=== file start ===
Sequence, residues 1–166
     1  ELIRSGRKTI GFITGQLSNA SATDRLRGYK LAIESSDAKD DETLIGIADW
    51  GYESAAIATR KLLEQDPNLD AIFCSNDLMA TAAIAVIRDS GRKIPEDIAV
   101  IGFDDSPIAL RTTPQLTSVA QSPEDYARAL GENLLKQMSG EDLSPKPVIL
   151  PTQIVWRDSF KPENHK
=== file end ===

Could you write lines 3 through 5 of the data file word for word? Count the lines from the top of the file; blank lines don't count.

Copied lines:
    51  GYESAAIATR KLLEQDPNLD AIFCSNDLMA TAAIAVIRDS GRKIPEDIAV
   101  IGFDDSPIAL RTTPQLTSVA QSPEDYARAL GENLLKQMSG EDLSPKPVIL
   151  PTQIVWRDSF KPENHK